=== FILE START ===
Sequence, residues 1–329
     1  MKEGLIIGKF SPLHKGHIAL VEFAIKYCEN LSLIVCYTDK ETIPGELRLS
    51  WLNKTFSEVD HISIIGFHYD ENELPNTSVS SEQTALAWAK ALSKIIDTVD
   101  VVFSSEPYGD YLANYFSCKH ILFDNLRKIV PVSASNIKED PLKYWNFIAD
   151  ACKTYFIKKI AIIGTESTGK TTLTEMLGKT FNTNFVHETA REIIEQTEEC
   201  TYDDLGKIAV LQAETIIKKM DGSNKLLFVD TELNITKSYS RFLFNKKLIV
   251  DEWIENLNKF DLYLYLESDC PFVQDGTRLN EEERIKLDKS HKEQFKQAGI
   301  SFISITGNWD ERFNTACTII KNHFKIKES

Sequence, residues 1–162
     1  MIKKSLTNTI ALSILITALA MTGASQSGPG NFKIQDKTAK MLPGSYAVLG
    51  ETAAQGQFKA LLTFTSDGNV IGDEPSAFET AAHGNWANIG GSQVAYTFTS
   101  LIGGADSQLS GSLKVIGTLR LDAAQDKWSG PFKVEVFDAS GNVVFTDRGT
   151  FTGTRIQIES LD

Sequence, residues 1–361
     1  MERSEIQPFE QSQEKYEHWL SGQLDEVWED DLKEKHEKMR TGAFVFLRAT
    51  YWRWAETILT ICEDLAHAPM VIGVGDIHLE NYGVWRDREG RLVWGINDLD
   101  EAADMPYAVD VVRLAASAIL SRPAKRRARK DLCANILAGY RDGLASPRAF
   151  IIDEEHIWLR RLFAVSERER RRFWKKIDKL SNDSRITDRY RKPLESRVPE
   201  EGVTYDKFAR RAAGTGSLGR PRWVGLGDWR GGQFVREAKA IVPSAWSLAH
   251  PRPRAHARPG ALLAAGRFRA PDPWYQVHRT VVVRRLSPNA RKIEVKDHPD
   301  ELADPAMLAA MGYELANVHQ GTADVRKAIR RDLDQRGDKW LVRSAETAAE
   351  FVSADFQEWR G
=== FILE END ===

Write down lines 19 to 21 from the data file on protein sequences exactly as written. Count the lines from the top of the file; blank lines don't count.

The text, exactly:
   201  EGVTYDKFAR RAAGTGSLGR PRWVGLGDWR GGQFVREAKA IVPSAWSLAH
   251  PRPRAHARPG ALLAAGRFRA PDPWYQVHRT VVVRRLSPNA RKIEVKDHPD
   301  ELADPAMLAA MGYELANVHQ GTADVRKAIR RDLDQRGDKW LVRSAETAAE